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Thursday, August 17, 2017

Bully Letter from Insurance Company to My Client and My Response

This Tuesday I received a letter from an insurance company telling me that due to the level of property damage my client could not have been injured in a crash.  My clients wreck was a month ago and the insurance company had no medical bills or records so the letter struck me as strange.

I thought about making a complaint to the Department of Insurance, but instead I wrote the letter below to the driver that hit my client.  Two days later I received a call from the insurance company telling me to send a demand on behalf of my client when it is ready.

My guess is some business analytics guru came up with this idea to scare people out of going to the doctor when they are hurt and told the insurance companies it would save money to send these letters.  I hope I'm wrong and this was just some rogue adjuster trying to make a name for himself.



August 15, 2017


My name is Brian R. Dettman and I am the lawyer for CLIENT.  She is the woman that was rear ended on 6/14/17.  I wanted to introduce myself and give you my contact information should you have any questions about my client’s case.  My understanding is that there was not a lot of property damage in this case so my guess is you have questions concerning my client’s injuries.  If you do, I’m happy to provide you my client’s medical bills and records for review.

I’ve received a letter from INSURANCE COMPANY (your insurance company) ADJUSTER telling me that my client wasn’t hurt in this crash.  INSURANCE COMPANY doesn’t have my client’s bills and records so I find that position a bit problematic, but insurance companies never cease to amaze me.

I’m not sure if you have ever been part of a lawsuit before.  The interesting thing from my perspective is it is normally the insurance company that assigns you a lawyer (if a lawsuit is filed).  In my experience, that lawyer is usually hired quite a bit by the insurance company.  You can take that for what it is worth.  If you do decide to get a personal lawyer please let me know and I’ll contact that person directly.

My client would like to resolve this amicably with INSURANCE COMPANY so hopefully I don’t get any more letters from your insurance company assuming without justification my client isn’t hurt. From my perspective that is a cheap bully-like tactic.  It also increases the likelihood my client files a lawsuit against you.

If you want to speak to your INSURANCE COMPANY adjuster his name is ADJUSTER NAME and his phone number is PHONE NUMBER


www.louisville-injury-lawyer.com Advertising Material

Wednesday, August 16, 2017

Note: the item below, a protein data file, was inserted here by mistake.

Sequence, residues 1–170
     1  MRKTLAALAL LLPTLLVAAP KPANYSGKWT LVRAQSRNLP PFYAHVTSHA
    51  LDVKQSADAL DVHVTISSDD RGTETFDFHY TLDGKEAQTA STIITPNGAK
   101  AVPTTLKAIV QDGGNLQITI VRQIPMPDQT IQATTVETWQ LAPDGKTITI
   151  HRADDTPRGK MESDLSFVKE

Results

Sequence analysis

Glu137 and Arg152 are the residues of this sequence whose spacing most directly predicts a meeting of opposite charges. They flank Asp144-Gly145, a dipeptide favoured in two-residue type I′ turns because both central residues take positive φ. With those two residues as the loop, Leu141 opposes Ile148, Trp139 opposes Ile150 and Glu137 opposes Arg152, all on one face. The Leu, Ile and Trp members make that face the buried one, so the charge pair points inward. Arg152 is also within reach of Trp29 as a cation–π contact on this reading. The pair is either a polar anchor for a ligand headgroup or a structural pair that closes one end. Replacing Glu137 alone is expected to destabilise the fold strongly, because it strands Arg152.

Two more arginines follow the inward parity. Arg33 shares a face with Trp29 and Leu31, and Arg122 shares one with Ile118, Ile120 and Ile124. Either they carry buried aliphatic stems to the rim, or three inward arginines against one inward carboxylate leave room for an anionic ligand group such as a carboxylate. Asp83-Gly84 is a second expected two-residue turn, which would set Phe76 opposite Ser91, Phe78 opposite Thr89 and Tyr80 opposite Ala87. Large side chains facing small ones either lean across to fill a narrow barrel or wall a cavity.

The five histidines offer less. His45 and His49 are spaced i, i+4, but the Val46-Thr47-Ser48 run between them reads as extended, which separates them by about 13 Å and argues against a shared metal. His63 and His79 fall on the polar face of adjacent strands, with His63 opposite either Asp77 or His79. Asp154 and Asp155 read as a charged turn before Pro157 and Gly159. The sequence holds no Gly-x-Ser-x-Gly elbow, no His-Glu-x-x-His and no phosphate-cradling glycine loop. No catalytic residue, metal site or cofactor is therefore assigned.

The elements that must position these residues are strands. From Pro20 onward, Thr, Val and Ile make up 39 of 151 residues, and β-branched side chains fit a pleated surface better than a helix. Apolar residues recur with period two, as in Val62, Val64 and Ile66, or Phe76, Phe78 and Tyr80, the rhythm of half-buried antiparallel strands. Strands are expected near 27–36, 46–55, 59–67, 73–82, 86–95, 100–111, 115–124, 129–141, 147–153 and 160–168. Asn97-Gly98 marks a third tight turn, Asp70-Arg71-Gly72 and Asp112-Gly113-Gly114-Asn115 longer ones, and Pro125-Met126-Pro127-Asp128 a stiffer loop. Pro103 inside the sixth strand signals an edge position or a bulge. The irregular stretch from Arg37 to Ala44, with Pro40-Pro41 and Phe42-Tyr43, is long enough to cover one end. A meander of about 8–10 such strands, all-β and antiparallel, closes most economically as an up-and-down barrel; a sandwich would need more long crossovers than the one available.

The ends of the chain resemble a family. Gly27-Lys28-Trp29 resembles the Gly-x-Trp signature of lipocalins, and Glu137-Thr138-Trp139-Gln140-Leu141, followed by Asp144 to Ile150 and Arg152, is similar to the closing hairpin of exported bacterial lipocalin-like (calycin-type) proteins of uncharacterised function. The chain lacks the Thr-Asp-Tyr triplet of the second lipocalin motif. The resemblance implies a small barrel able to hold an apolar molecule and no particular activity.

Yesterday I filed a Motion For Summary Judgment against an Insurance Company from Texas.  My client was driving a tractor on the side of the road in broad daylight.  He had flasher warnings and slow vehicle moving signs.  Didn't matter to the big rig that rammed into the back of him.  My client eventually had to undergo a cervical fusion.

We set up the claim and asked the insurance company in Texas to provide Personal Injury Protection (PIP) benefits.  PIP benefits are used to help a person pay up front medical costs so that doctors will treat them.

Kentucky law mandates that persons who are driving tractors are not driving "motor vehicles." Legally speaking if you are driving a tractor you are a pedestrian under the statute.  If you are a pedestrian than the vehicle that hit you (see big rig) is on the hook for providing you with PIP benefits.  However, the Texas Insurance Adjuster took the position he would not be providing PIP.  My guess is that this adjuster was unfamiliar with Kentucky Law and getting advice from a lawyer in Texas.  Either that or he didn't think I would sue him.   I filed a lawsuit against the insurance company, the driver of the big rig, and the company that employed the big rig driver.  

My Entire Argument:

Plaintiff’s argument is short and sweet.  Under Kentucky Law, while driving a Tractor, Client is a pedestrian for purposes of Personal Injury Protection Benefits.  See 304.39-020(7).  Client is not driving a “motor vehicle” as defined under the act and the vehicle that hit him, the tractor trailer, is liable for providing Personal Injury Protection Benefits. See KRS 304.39.050.  American Hallmark has failed to provide such benefits and is thus in violation of the Motor Vehicle Reparations Act.  There is no factual dispute.     

I wonder if this would have happened if I was dealing with a local insurance adjuster who was familiar with PIP.  I also find it interesting the Insurance Company from Texas hired the same Louisville Law Firm to defend all three claims.  

Hearing set for October 19 in Shelby County Kentucky.

www.louisville-injury-lawyer Advertising Material.  

-Brian R. Dettman